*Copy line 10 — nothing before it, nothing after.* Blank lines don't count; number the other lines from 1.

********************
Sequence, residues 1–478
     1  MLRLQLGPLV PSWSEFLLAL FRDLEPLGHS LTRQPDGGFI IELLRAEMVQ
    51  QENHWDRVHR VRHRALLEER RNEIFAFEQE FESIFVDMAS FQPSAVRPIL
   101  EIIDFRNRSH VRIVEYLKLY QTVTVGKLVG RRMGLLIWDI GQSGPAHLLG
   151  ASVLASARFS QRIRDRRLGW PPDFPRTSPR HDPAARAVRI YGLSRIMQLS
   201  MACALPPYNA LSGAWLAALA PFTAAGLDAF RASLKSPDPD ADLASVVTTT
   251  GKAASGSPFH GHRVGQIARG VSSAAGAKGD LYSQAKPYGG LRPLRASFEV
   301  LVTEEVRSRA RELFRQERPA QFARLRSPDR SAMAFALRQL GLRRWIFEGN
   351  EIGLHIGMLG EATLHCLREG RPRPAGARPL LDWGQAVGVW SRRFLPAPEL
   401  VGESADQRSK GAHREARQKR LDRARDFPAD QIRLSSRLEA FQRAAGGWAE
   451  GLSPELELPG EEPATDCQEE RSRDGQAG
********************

   401  VGESADQRSK GAHREARQKR LDRARDFPAD QIRLSSRLEA FQRAAGGWAE